For quantum technologies to fulfill their promise, the systems that support them need to shrink. Laurence Coles from Added Scientific, an AM consultancy service which spun off from the University of Nottingham, wrote an article for Physics World (full article here) on how advances in additive manufacturing are bringing miniaturization within reach and heralding a wider revolution in vacuum system design, which could represent a breakthrough for quantum computers.
Coles explains that present and near-future quantum technologies – such as atomic clocks or quantum positioning systems – require efficient systems for cooling and trapping atoms. However forming and sustaining clouds of cold atoms is anything but simple and – among other things – requires an ultrahigh-vacuum (UHV) environment. These are critical sub-systems for high-precision quantum applications.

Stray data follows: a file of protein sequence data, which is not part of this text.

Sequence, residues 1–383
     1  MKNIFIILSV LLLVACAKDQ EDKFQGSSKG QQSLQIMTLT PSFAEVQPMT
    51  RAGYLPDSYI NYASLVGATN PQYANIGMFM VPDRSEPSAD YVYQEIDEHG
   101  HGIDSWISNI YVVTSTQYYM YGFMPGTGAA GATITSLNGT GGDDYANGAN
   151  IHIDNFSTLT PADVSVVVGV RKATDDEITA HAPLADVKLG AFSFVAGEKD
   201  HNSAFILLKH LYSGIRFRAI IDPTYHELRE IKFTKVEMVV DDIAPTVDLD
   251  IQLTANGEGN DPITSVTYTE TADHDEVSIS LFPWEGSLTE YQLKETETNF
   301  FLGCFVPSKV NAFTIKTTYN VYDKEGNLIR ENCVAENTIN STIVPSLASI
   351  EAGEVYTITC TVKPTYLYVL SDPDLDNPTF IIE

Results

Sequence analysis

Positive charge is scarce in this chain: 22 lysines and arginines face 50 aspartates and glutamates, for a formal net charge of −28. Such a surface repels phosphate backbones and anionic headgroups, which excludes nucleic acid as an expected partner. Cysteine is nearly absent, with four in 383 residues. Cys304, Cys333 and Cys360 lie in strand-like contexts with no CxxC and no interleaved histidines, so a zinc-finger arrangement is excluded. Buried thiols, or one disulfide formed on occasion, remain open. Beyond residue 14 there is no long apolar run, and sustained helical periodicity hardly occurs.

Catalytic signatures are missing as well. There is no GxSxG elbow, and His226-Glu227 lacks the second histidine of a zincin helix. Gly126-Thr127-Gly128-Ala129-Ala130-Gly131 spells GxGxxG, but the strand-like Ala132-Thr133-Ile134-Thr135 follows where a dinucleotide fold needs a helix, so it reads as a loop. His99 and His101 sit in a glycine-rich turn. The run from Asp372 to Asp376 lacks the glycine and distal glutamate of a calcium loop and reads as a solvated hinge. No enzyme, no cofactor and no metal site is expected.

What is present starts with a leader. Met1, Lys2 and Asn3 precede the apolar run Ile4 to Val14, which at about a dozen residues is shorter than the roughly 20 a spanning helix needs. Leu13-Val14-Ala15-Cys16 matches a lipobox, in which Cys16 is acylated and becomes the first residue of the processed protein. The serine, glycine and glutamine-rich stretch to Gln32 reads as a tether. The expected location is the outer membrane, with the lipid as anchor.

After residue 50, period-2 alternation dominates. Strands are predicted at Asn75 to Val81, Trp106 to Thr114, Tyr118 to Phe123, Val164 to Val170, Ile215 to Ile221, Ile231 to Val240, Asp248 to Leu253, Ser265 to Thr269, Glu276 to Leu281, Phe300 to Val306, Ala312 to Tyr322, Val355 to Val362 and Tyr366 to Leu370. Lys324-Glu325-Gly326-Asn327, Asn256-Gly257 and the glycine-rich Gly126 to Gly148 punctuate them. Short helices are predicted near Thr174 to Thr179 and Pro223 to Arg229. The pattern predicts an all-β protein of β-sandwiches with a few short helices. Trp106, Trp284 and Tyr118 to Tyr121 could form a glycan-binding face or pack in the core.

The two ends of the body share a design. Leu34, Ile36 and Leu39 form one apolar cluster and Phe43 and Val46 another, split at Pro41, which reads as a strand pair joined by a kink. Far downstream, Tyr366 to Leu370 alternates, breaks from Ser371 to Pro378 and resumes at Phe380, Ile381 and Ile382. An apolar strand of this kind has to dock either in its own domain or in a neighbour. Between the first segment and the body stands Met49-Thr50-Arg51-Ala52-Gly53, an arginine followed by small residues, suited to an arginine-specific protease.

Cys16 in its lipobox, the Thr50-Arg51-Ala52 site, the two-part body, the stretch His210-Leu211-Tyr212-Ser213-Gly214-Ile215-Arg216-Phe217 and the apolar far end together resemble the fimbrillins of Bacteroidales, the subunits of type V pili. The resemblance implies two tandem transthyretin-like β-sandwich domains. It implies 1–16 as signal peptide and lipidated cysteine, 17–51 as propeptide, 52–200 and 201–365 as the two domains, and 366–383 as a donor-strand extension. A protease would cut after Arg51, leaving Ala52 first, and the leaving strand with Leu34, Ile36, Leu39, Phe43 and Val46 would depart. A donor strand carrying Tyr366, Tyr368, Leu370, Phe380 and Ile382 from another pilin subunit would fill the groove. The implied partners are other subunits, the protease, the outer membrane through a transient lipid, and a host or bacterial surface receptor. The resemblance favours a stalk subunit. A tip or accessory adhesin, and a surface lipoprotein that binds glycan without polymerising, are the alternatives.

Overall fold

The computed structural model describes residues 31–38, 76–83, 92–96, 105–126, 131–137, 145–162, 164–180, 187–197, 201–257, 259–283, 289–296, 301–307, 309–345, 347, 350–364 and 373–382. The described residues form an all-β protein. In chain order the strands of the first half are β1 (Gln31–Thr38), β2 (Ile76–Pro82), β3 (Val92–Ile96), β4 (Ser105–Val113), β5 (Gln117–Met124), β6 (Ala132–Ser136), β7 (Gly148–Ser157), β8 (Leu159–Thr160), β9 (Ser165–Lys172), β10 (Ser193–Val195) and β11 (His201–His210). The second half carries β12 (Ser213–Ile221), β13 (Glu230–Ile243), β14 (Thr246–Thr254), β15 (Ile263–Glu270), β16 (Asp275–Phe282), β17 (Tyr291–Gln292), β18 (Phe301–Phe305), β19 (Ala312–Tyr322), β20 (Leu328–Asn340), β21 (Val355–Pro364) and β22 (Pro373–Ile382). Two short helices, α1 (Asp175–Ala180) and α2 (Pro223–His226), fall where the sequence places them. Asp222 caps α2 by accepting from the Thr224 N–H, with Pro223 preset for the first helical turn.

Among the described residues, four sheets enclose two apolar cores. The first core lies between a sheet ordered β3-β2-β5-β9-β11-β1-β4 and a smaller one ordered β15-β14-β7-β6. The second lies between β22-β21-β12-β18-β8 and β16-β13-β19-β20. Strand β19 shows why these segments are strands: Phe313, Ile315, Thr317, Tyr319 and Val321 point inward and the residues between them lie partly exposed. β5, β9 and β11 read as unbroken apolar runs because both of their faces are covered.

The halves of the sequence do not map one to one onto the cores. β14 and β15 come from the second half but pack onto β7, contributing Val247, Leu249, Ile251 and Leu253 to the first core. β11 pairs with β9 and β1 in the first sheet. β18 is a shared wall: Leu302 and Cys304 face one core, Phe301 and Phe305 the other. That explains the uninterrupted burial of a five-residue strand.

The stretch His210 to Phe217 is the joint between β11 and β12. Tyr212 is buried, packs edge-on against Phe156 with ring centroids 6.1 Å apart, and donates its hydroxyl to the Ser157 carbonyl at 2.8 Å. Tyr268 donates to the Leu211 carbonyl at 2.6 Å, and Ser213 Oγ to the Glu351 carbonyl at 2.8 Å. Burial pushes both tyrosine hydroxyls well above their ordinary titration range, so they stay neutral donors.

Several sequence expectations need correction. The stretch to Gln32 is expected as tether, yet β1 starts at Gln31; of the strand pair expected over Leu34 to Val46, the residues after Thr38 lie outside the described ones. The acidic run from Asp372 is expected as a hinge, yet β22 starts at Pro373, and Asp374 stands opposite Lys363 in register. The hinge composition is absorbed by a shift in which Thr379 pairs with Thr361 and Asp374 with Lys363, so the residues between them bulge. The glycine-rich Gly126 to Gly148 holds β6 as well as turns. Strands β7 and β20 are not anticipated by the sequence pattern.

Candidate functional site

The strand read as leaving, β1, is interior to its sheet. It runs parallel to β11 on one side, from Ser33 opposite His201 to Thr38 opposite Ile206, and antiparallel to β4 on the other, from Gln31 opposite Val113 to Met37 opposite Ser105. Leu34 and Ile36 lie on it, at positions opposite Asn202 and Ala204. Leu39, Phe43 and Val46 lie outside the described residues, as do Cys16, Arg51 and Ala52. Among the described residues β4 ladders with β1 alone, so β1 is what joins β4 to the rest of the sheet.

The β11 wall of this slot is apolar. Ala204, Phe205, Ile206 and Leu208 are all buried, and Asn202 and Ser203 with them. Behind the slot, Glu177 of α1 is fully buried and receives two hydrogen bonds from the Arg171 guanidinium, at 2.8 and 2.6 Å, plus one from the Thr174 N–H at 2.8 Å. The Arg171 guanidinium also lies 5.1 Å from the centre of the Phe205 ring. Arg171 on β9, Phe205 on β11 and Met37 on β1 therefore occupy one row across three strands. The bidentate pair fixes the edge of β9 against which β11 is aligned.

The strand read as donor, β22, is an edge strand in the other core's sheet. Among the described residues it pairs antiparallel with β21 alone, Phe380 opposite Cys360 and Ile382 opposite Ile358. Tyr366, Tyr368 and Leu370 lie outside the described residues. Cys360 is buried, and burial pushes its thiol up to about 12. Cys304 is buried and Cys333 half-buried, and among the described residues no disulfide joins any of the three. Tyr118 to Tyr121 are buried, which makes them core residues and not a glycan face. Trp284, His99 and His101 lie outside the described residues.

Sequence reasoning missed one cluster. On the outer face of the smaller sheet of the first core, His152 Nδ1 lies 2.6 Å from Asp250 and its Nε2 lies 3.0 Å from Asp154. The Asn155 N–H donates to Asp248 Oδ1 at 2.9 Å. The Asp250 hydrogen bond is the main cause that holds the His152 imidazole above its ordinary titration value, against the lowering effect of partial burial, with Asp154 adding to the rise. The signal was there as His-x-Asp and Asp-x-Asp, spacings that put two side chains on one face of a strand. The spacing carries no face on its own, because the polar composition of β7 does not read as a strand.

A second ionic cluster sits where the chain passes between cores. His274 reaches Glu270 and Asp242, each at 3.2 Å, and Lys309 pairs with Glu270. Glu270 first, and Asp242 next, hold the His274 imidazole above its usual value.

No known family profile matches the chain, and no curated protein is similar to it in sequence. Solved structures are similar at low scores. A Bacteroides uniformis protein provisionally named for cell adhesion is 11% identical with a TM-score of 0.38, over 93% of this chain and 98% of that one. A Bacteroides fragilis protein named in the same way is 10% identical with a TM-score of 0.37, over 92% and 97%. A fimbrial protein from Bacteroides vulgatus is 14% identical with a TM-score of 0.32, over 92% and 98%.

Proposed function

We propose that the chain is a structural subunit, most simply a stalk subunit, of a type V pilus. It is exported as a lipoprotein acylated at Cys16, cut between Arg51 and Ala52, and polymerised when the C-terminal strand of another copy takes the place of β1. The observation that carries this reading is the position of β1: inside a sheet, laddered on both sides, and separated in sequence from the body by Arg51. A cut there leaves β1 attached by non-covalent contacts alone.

This is where Added Scientific’s knowledge of additive manufacturing – and in particular metal powder bed fusion processes – comes in. AM has the potential to make UHV systems much more effective than the current bulky, standardized stainless-steel components, mad of multiple assembled parts. This is possible by creating lattice structures and subassemblies as single parts.
This is the first time an AM chamber has been demonstrated to hold UHV, and for quantum technology applications, the advantages are clear. The mass of the Added Scientific prototype MOT chamber is 245 g – 70% less than that of a commercially available stainless-steel equivalent.
Quantum physics is one of the few fields where customers are really pushing for smaller UHV systems. This makes projects like the additively manufactured MOT chamber a perfect testbed for AM within the vacuum industry.
The introduction of AM techniques to vacuum system development clearly has the potential to impact portable quantum technology applications, but also the wider scientific and industrial community. At the same time, the use of AM for highly complex vacuum systems used for quantum applications clearly show the benefits of using AM in any complex system.